The Botanic Garden Up Close

This year, the Chicago Botanic Garden is celebrating its 50th Anniversary. I have been visiting the Garden for almost that many years and have been a member for a good many of those. And for the past eleven years I have included posts featuring the Garden here on WordPress.

Naturally, many of the pictures are of flowers, although with most posts I have tried, not always successfully, to stick to a single theme, be it color, season or one particular area of the Garden. This time I’d like to present my close-up view of the Garden.

There are 12 featured areas in the Garden which include:- Bulb, Circle, Crescent, Enabling, English Walled Garden, Evening Island, Fruit and Vegetable Garden, Heritage, Japanese, Native Plant, Rose and Sensory Gardens. Each one of these is beautifully set out and maintained with a colorful array of flowers and plants.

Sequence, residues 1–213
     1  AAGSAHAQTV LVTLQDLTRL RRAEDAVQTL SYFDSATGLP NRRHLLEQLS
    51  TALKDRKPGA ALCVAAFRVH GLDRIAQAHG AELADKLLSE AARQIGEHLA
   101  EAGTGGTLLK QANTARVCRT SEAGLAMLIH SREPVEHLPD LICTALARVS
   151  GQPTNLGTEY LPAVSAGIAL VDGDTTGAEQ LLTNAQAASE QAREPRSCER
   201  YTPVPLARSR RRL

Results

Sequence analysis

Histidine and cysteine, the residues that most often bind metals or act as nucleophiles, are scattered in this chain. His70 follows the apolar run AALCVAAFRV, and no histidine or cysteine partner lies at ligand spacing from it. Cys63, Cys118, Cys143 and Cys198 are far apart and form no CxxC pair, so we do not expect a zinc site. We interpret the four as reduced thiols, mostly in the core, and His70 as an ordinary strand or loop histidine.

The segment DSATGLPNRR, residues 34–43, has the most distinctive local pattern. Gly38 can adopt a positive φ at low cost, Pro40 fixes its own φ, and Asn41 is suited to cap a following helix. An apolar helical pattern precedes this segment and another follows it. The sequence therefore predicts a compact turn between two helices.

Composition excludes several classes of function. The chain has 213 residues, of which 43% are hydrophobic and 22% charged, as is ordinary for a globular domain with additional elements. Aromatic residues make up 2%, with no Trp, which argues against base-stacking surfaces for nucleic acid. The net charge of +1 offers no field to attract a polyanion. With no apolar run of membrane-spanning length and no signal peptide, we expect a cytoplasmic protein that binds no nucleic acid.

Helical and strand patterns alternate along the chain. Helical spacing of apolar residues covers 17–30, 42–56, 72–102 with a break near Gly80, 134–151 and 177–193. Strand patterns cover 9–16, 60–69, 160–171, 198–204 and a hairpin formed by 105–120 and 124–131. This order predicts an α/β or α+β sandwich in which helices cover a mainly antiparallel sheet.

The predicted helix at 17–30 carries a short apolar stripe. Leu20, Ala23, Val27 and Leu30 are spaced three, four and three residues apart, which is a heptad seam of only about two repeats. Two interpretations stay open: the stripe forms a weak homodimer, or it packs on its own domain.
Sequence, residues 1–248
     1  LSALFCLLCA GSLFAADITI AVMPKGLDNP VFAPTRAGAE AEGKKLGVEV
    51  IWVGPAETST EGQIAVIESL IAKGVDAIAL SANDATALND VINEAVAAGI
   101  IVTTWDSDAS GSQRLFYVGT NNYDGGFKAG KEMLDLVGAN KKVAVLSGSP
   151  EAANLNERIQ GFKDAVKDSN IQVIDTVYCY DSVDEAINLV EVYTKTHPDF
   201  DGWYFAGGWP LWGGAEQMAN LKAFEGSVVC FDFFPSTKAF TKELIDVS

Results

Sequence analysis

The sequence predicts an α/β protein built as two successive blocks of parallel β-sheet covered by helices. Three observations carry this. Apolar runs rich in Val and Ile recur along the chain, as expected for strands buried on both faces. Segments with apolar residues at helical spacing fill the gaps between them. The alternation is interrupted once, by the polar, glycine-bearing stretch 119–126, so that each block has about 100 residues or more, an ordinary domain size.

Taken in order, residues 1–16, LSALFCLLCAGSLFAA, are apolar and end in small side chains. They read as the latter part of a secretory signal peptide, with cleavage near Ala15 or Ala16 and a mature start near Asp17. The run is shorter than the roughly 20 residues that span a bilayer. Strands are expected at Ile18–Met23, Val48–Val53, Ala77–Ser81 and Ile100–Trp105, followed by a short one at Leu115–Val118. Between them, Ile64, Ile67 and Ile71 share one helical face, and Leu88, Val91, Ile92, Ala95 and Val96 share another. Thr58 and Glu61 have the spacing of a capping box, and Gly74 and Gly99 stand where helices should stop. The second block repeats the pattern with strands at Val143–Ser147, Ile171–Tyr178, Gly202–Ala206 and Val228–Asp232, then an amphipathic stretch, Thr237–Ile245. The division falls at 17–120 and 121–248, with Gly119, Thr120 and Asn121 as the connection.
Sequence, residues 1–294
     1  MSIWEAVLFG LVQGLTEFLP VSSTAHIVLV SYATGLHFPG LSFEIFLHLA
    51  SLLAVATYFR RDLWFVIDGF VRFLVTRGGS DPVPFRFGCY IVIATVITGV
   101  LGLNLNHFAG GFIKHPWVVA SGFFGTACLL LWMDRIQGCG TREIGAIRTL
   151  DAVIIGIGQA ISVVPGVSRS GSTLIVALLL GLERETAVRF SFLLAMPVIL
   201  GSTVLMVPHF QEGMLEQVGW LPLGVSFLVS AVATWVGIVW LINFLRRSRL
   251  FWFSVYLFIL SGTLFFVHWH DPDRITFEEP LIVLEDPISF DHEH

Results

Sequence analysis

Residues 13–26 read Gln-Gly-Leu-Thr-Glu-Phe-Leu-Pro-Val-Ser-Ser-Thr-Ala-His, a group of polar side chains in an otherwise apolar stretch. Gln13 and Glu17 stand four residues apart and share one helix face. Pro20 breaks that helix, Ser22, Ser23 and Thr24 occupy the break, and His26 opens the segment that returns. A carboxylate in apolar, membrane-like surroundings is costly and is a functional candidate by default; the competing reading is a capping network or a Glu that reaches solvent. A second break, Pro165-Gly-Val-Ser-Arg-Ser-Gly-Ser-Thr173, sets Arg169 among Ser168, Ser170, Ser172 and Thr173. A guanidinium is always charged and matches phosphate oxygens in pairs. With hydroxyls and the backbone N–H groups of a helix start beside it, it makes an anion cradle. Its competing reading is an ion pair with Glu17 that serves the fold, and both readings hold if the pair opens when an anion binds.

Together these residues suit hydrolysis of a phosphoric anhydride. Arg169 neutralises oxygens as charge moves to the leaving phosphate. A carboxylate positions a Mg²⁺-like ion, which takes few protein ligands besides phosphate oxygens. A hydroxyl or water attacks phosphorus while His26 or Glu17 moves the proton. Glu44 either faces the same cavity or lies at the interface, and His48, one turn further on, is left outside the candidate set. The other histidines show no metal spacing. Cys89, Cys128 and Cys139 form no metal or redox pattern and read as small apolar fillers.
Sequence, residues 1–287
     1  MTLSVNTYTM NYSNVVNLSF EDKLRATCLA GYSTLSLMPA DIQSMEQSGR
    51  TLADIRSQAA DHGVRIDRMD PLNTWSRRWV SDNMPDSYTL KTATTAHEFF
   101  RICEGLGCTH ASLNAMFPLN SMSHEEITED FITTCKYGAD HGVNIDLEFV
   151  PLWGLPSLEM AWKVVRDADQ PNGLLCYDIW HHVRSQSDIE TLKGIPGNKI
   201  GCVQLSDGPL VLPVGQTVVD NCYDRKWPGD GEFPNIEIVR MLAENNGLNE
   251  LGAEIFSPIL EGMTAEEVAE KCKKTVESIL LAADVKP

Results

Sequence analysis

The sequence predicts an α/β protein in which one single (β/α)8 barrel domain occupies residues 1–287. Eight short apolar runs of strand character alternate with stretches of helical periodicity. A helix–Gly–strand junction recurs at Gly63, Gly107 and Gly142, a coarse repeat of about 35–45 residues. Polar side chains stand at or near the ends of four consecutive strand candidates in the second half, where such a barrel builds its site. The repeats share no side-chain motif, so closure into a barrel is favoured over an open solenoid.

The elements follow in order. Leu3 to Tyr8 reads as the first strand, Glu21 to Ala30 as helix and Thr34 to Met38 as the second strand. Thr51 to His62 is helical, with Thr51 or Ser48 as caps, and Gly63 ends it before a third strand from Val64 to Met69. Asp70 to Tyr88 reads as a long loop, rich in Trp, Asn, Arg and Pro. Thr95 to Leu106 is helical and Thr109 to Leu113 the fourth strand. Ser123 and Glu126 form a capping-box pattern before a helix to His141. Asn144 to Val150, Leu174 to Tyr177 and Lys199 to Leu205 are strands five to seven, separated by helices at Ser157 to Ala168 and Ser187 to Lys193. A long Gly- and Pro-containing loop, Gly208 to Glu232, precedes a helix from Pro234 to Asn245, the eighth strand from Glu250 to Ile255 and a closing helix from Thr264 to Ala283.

But the Garden is about so much more than just the flowers. It’s about the buildings and bridges, the statuary and structures such as the bell tower and its ‘command center’ hidden among the treetops.

There are also three natural areas in the Garden including:- McDonald Woods, the Prairie and the Nature Reserve. So let’s not forget the wildlife. The larger birds are easy to spot, but the smaller ones like the mother hummingbird with her baby in its nest are not quite so easy to find. And watch out for the giant fish lurking underneath the Serpentine Bridge by Evening Island.